The goal of the International Fund for Public Interest Media is to help the Global South, where the worst damage by these American companies has been done. Helping independent media survive becomes critical in the Global South, where we don’t have the philanthropy you have here. Currently, only 0.3 percent of development funds go to the media. If we can raise funding to one percent, then you will give journalists a fighting chance.

Is it an uphill battle? Yes, but as more people begin to understand the impact of technology on our information ecosystems and on journalists, it is getting easier.

Angwin: Finally, in your Nobel prize acceptance speech you said, “[W]e can continue down the path we’re on and descend further into fascism, or we can each choose to fight for a better world.” How far down the path to fascism do you think we are? And do we have a hope of pulling back?

Ressa: It’s an existential moment; people in Ukraine are seeing one reality, and people in Russia are presented with another. How is that possible? It was enabled by our information ecosystem. In the Philippines it is an existential moment. In 37 days we will choose not just our future but our past. For example, if Ferdinand Marcos Jr. becomes president, will we celebrate the anniversary of the People Power Revolution? Probably not, but we don’t know.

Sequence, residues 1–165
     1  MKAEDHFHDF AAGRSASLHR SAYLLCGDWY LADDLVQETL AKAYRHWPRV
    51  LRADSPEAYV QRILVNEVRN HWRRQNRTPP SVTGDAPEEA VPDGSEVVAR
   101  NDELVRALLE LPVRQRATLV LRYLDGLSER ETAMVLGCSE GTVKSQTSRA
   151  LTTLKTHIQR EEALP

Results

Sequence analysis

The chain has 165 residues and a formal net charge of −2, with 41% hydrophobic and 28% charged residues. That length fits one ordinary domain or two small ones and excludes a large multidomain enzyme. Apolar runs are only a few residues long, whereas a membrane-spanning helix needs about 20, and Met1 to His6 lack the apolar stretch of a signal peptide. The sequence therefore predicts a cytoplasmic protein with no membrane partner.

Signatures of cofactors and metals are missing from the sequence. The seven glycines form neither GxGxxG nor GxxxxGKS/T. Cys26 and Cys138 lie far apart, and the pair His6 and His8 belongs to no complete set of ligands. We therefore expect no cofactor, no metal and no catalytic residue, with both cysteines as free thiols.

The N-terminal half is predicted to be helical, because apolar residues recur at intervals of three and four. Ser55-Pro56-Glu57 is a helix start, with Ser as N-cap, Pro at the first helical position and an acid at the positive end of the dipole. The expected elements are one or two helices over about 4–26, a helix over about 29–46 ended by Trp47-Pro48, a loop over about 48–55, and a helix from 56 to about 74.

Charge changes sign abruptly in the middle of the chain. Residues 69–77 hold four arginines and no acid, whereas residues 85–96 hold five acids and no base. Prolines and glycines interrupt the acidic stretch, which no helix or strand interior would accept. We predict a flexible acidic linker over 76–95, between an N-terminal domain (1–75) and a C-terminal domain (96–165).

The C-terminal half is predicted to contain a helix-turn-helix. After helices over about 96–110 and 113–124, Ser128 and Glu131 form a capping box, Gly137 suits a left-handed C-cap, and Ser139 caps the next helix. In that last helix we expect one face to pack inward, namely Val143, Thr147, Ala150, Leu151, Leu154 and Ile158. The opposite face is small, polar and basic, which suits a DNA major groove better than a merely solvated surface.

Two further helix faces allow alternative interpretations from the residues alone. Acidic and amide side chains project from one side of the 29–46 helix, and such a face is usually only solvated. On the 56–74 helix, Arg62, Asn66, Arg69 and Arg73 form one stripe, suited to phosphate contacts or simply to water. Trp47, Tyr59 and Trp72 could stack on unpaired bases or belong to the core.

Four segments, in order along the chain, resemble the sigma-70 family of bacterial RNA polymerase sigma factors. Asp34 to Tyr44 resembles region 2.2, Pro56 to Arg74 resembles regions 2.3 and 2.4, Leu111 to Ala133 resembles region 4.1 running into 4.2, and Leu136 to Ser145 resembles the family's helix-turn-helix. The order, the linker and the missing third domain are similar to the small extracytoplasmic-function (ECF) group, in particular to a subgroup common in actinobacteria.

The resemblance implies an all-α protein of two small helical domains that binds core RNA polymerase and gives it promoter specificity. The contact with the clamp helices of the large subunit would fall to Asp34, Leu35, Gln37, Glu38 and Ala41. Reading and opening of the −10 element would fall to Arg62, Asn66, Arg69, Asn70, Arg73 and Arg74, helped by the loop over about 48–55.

If facts lose in every country around the world — and that is what’s at stake — we will lose truth. Without truth, you can’t have trust. Without these, any shared human endeavor is impossible, and that includes democracy. I’m calling this an “Avengers Assemble” moment to try to get Filipinos to defend the facts.

I think we’re right on the edge globally of dropping into the abyss. We can still do this, but the time to fix it is getting smaller and smaller. The time to act is now.

Photo of Nobel Peace Prize laureates Maria Ressa and Dmitry Muratov at the Grand Hotel balcony, greeting the annual Nobel torchlight parade, by Jo Straube.

POSTED     April 6, 2022, 10:26 a.m.